While most of the Seahawks rookie class was on the football field Friday, receiver Cyril Grayson was 2,000 miles away in Baton Rouge, Louisiana where he was graduating from LSU with a degree in kinesiology.
Not long after receiving his diploma, Grayson drove to New Orleans to catch a flight to Seattle so he could take part in the last two days of minicamp.
"This weekend has been good," Grayson said following Sunday's practice. "It started off great in Baton Rouge, I got to graduate—one of my biggest accomplishments ever—then getting here, being able to compete, getting reps with the rest of the new guys. It's been a good weekend."
Grayson was only on the ground in Louisiana for 25 hours, arriving Thursday evening then leaving Friday, and was back in Seattle at 11 p.m. Friday. He had to fight a bit of dehydration from all of that travel, not to mention the lack of sleep, but it was worth it for Grayson to be able to graduate and still take part in most of the minicamp.
A busy weekend is just the latest step in Grayson's very unusual path to the NFL. A track and field All-American at LSU, Grayson last played organized football in high school, but after convincing LSU's football team to let him take part in their pro day workout last month, Grayson put on an impressive enough performance that the Seahawks put him on a flight the next day and signed him shortly thereafter (as a fifth-year senior who did not play football, Grayson was eligible to be signed immediately as opposed to being draft eligible).
By signing with the Seahawks a month ago, Grayson has been able to participate in offseason workouts with veterans, giving him a head start on the rest of the rookies, an advantage that could help a player who has so much learning to do after being away from the game for so long.
And while Grayson went to LSU to run track, the NFL has always been a goal, it just became harder to pursue when he realized that, as an athlete on scholarship for track and field, he was not eligible to play football as a walk-on. Even so, he didn't give up on the idea, and thanks to an impressive pro day and his blazing speed, Grayson is currently on an NFL roster competing for a job.
"The plan was to play in college, I planned on getting a chance to, but I wasn't able to, so the next option was pro," Grayson said. "I didn't have any more years of eligibility for college, so I was either going to the NFL or CFL or something to get my chance."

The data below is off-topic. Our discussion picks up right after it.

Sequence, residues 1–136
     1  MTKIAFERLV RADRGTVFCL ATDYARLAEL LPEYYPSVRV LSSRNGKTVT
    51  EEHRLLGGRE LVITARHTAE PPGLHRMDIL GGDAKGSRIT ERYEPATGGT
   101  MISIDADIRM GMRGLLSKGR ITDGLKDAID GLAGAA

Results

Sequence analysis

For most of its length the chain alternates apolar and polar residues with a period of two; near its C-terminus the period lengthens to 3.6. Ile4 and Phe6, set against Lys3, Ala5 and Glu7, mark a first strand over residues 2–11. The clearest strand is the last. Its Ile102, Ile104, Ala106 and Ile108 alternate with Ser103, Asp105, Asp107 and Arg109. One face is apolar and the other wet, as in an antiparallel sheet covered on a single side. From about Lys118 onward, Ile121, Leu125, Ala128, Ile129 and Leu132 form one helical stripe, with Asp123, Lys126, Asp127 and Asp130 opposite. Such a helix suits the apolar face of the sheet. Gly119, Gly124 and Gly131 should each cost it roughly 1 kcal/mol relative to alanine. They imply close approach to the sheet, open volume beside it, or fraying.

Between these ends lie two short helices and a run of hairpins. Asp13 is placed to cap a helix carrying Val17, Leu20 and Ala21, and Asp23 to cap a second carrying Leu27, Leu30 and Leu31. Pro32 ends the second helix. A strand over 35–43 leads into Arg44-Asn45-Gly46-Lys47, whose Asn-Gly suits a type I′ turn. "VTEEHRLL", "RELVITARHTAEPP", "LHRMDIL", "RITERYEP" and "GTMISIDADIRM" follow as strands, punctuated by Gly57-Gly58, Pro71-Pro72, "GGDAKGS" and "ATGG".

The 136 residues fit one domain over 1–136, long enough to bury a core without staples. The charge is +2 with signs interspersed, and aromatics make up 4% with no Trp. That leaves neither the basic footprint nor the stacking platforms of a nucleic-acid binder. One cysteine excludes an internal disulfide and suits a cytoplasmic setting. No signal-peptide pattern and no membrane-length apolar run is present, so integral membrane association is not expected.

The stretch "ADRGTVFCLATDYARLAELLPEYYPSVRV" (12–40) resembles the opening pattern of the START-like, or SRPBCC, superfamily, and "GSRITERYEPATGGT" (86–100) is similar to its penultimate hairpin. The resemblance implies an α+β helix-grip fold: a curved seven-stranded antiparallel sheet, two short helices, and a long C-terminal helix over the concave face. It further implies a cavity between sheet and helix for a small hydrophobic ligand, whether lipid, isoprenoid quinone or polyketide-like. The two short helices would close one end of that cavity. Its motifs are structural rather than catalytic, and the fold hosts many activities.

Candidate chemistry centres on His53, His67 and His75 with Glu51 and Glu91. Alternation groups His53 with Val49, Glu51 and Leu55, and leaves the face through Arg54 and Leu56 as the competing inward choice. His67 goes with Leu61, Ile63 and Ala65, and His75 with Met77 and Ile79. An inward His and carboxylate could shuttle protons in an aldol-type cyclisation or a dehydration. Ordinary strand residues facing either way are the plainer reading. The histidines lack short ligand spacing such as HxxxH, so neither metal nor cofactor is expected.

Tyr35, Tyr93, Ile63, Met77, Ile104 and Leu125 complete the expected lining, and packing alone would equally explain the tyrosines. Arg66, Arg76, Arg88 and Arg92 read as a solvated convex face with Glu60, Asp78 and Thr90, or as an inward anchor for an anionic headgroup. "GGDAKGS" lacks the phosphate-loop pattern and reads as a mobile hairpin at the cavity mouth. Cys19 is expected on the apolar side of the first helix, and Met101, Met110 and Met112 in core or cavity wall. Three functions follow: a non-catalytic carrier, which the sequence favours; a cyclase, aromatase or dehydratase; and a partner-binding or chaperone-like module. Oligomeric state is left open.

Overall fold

Grayson said there has been a learning curve getting back into football, but having been around for a month has helped, as has advice from Seattle's veteran receivers.
"The classroom part of football has been kind of little tough for me and I've been trying to learn ways to learn the playbook so I'm able to compete," he said. "But the older guys have been really good to me, they've reached out to me to try to help me with what to do in certain situations, ways to run routes, taking my time and things, just so I can learn and get that muscle memory back and get into the swing of things so I'm able to compete."
Grayson still has plenty of work to do to show he belongs in the NFL, but the Seahawks see enough potential him that they'll be patient with his development.
"We've seen enough in Phase 2 (of OTAs) here to give us hopes that he really has an upside," Seahawks coach Pete Carroll said. "The speed is obvious. He's got a really good catching range, he's really natural catching the deep ball, we've already seen that. So we know, 'OK, he's really fast, he can catch the deep ball, can we get him lined up right? Can he get his footwork right? Can he get off the line of scrimmage? Can he time it up? He's got a great attitude, he's got a wonderful personality. I can't wait for you guys to meet him and see what he's all about. He has competed at a really high level in his sporting career, and you can tell that confidence carries over into what he's coming into here. It's not too big for him to go for it. He studies, he stays late, he's in early. Really a beautiful first impression he has made for us. We're going to be patient with him because he has such good natural talents. We'll wait him out and see how long it takes. Remember we took a long time with Ricardo Lockette, and Lock figured it out and became a real constant around here, but it took him a while coming out of the track background and all of that. So we'll see what happens, but very encouraged by what we've seen."
Photos from the third and final day of Seahawks rookie minicamp at Renton's Virginia Mason Athletic Center.